The BOLD data was acquired with an echo planar imaging (EPI) sequence while performing the changes in gas inhalation within 13 minutes in 40 slices of the brain with: 260 volumes, repetition time (TR) = 3000 ms, echo time (TE) = 30 ms, Slice Thickness = 3, Flip angle = 90° and resolution = 64 × 64.

The DSC perfusion data, one with normal breathing and the second one with hyperoxic stimulus, was acquired with an EPI sequence, 40 slices, 80 volumes, TR = 2230 ms, TE = 30 ms, Slice Thickness = 3, Flip angle = 70°, resolution = 64 × 64.

Also a T1 structural image was acquired with: 176 slices, TR = 1800 ms, TE = 3.44 ms, TI = 1100 ms, Slice Thickness = 1, Flip angle = 7° and resolution = 256 × 256.

3.2. Gas Manipulation

The 13 minutes of BOLD imaging consists of manipulating the inhalation gas, which is a combination of normoxia, hypercapnia, and hyperoxia. The paradigm for gas manipulation is shown in Figure 1.

Figure 2. Slice 3 to 40 for oxygen extraction fraction (OEF) in a single subject. As expected, gray matter (GM) has higher values than white matter (WM) and the brain shape is complete and clear. The tumor has a low OEF because of the inactive tumor, which is necrosis and is completely clear in the map.
Figure 3. Cerebral blood flow (CBF0), M, [dHb]/[dHb]0, and oxygen extraction fraction (OEF) respectively in slice 20 in one of the subjects
Table 2. Comparison of Mean Values of OEF and CBF0 in Different Methods
PaperYearShort Description of the MethodCBF0 (mL/100 g/s)OEF
Lu and Zijl (7)2005Multi-Echo VASO GE-fMRI-0.23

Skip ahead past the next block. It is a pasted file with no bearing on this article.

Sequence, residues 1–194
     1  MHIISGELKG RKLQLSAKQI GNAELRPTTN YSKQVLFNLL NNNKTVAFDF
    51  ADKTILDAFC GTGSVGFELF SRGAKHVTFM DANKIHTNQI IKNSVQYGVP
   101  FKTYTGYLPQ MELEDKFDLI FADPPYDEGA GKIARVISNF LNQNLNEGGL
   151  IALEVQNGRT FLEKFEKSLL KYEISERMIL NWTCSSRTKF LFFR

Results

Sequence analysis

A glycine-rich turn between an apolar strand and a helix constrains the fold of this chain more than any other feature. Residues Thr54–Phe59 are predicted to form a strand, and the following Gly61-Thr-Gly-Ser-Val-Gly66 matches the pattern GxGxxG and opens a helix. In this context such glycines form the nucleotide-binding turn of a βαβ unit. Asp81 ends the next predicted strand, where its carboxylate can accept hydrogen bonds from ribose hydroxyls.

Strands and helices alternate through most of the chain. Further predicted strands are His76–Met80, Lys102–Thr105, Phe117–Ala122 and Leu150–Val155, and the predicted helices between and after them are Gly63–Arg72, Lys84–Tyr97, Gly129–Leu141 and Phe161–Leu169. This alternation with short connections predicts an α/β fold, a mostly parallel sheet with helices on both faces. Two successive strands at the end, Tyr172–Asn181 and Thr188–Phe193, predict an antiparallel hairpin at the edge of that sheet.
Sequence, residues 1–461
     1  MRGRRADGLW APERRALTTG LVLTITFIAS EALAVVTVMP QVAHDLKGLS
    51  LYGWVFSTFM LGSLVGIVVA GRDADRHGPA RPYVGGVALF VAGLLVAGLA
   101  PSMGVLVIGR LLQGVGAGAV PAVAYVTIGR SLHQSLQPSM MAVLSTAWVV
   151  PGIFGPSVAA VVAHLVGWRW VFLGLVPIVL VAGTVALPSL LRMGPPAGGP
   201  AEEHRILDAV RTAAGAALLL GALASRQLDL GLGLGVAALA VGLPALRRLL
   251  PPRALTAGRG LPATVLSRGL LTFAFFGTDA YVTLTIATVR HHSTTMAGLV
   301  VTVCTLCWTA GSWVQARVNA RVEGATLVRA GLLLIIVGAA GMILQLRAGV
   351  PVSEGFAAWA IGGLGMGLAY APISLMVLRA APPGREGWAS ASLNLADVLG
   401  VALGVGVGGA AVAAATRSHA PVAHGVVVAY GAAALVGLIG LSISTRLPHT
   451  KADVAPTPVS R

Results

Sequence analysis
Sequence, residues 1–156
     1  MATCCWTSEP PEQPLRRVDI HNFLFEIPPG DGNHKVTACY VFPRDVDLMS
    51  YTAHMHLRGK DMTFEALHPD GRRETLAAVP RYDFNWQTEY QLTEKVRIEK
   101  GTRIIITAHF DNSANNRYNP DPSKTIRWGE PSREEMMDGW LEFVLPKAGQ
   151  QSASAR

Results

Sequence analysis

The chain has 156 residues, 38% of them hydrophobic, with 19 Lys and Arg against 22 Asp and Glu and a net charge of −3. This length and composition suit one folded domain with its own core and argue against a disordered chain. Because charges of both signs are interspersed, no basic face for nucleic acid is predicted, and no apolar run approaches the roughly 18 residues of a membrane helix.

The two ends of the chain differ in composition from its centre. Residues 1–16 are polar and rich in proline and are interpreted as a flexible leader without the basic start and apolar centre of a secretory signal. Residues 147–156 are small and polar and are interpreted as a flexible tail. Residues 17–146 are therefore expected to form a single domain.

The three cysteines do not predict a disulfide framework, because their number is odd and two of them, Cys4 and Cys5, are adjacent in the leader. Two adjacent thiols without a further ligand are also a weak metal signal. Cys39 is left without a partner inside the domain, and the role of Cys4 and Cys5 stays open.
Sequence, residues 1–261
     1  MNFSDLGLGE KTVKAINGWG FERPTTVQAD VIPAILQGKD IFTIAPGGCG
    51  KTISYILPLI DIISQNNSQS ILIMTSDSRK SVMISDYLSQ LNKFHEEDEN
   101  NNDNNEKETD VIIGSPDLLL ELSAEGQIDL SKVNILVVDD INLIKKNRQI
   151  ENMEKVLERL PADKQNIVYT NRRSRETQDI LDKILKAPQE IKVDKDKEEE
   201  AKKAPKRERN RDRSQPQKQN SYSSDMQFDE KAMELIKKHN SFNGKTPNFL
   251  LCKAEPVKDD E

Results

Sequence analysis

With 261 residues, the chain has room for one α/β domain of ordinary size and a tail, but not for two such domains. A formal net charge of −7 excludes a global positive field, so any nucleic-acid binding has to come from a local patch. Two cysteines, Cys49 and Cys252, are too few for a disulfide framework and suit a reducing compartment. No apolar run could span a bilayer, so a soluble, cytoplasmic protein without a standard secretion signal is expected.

He abd Yablonskiy (4)2007qBOLD-0.38
Lu ang Ge (8)2008TRUST-0.352
Jain et al. (11)2010SVO2 in the superior sagittal sinus with MR susceptometry-based oximetry26640.35
Domsch and Mie (13)2014Nimp qBOLD-0.46
Bolar et al. (14)2011QUIXOTIC33600.26
Gauthier and Hoge (15)2012Combination of GCM and hypercapnic and hyperoxic stimulus using ASL26000.35
Bulte et al. (5)2012Combination of calibrated BOLD with hypercapnic and hyperoxic stimulus using ASL24600.38
Wise et al. (16)2013Combination of calibrated BOLD with hypercapnic and hyperoxic stimulus using ASL(modified)33300.4
Our Study2016Combination of calibrated BOLD with hypercapnic and hyperoxic stimulus using DSC-Perfusion & BOLD25410.46

Abbreviations: ASL, arterial spin labelling; BOLD, blood oxygen level dependent; CBF, cerebral blood flow; DSC, dynamic susceptibility contrast; fMRI; functional magnetic resonance imaging ; GCM, generalized calibration model; OEF, oxygen extraction fraction; QUIXOTIC, Quantitative imaging of extraction of oxygen and tissue consumption; SVO, small vessel occlusion; TRUST, T2 relaxation under spin tagging; VASO, Vascular-space-occupancy.

The inspired gases were delivered via a single tube connected to a nasal cannula. At normoxic condition, no gas was delivered and the subject breathed the environment air. At hypercapnia, a capsule was connected to the tube with a gas combination of 8% CO2, 21% O2 and 71% N2, which by using a nasal cannula, it was combined with the environmental air and 4% CO2 was applied. The hyperoxic condition was the same, and the gas capsule that was used consisted of 79% O2 and 21% N2 to provide 50% of O2 for the subjects. The capsules were changed manually in normoxic conditions and the gas delivery was set to 10 L/min.